I saw your post this morning and it was a shock to say the least, I've now got an appointment next Tuesday at the doctors. The patch has mostly gone but hopefully they'll listen and we can work out whether it was or not.

I've always lived in cities so never really heard about this, but we've been going bird watching a lot, sometimes in places with long grass...

So thank you, if I hadn't seen this I might have never realised and never made that appointment!

Huw said, 1562931792

A Shot in the Dark said

I wanted to thank you for this post, a few weeks ago I developed a huge rash on my leg looking very similar to yours, I just put it down to a bad reaction to a bite even after it kept growing. Eventually it went from red to purple then went away but since I've been feeling really run down, achy etc but didn't link the two at all.

I saw your post this morning and it was a shock to say the least, I've now got an appointment next Tuesday at the doctors. The patch has mostly gone but hopefully they'll listen and we can work out whether it was or not.

I've always lived in cities so never really heard about this, but we've been going bird watching a lot, sometimes in places with long grass...

So thank you, if I hadn't seen this I might have never realised and never made that appointment!


Birds and rodents carry deer ticks...

A Shot in the Dark said, 1562932533

Huw I'm just ignorant in the ways of the world ;)

Huw said, 1562932865

A Shot in the Dark said

Huw I'm just ignorant in the ways of the world ;)


My wife had chronic Lyme disease very severely - took about ten years to recover.

I fought the NHS for a very long time before we got it recognised.
Nobody without my qualifications and research experience would have stood a chance.
Eventually we sent blood samples to California and demonstrated Borellia DNA in her blood.

This was a few years ago, and they do recognise it better now.

Iris Ferret said, 1562932968

Oh christ, thank god you spotted it as quickly as you did! My mum has a bit of a phobia about Lyme's Disease and regularly reminds me to be careful when going out into fields and grasses - clearly she's on to something! Hope you feel better soon, what an unfortunate place to be bitten too. This is definitely something that more people need to be aware of.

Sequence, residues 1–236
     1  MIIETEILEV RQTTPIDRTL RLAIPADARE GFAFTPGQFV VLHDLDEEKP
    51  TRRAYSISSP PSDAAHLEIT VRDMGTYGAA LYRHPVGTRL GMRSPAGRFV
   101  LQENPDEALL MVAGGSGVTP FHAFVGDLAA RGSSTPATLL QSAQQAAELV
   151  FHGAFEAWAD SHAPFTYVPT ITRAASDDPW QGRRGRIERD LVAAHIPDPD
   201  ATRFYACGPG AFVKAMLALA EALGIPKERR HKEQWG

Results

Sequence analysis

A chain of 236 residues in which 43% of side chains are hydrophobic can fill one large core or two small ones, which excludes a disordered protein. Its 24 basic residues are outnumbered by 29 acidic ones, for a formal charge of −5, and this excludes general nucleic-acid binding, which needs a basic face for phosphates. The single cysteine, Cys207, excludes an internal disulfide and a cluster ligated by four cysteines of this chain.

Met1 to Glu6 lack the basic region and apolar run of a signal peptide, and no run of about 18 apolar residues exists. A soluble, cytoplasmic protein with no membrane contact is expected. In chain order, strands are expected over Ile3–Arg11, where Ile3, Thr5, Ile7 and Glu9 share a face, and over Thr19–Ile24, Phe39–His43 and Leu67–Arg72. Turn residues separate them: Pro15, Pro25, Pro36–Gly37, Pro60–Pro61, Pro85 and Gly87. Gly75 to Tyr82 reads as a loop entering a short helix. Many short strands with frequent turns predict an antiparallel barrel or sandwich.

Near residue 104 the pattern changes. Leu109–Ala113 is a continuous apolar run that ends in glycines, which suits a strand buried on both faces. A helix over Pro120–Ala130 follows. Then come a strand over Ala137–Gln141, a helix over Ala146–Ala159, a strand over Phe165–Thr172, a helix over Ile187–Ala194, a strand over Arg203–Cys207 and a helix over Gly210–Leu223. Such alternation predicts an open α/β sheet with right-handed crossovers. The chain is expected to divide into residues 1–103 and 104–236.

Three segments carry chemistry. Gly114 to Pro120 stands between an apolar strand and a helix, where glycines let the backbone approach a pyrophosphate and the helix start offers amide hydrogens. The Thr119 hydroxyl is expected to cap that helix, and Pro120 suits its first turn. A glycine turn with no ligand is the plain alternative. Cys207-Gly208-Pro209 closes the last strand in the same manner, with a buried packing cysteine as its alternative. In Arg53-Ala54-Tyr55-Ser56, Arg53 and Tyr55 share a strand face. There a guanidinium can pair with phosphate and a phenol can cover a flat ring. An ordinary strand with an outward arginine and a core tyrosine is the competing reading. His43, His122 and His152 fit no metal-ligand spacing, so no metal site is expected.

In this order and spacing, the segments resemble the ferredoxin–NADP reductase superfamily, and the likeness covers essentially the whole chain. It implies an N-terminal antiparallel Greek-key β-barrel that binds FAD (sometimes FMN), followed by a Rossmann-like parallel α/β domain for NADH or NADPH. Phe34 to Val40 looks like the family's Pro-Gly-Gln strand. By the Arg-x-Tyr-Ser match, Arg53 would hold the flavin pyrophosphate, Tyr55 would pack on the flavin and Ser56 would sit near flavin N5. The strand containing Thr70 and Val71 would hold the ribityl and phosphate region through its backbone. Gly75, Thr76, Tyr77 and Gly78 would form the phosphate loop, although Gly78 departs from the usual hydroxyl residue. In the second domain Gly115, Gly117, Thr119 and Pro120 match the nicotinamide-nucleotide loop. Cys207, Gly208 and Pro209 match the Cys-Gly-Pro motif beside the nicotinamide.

A Shot in the Dark said, 1562933163

Huw this is what I'm worried about because the rash patch has mostly gone now.

I'm really sorry about your wife and sorry you had to fight for something you shouldn't have to fight.

Huw said, 1562934140

A Shot in the Dark said

Huw this is what I'm worried about because the rash patch has mostly gone now.

I'm really sorry about your wife and sorry you had to fight for something you shouldn't have to fight.


Take a copy of Rimosky's picture in, and say it looked exactly like this....   it's fairly classic.

Easily treated at this stage.    :)

📸 G.W.C. 🍑 said, 1562935838

I always message models to remind them about checking for ticks when they get home. It's common practice to exchange a message or two after a shoot to confirm that everyone got home safely and wrap things up in terms of admin anyway.

MidgePhoto said, 1562938395

It is a problem, but it is also an area of scams.  Check the skin after being out, take ticks off if found, don't panic.


IrisFerret said

Oh christ, thank god you spotted it as quickly as you did! My mum has a bit of a phobia about Lyme's Disease


Lyme, after Lyme County Connecticut, where it was first described.  I'm not sure why the county is called that, but the disease is named for the place, not a person.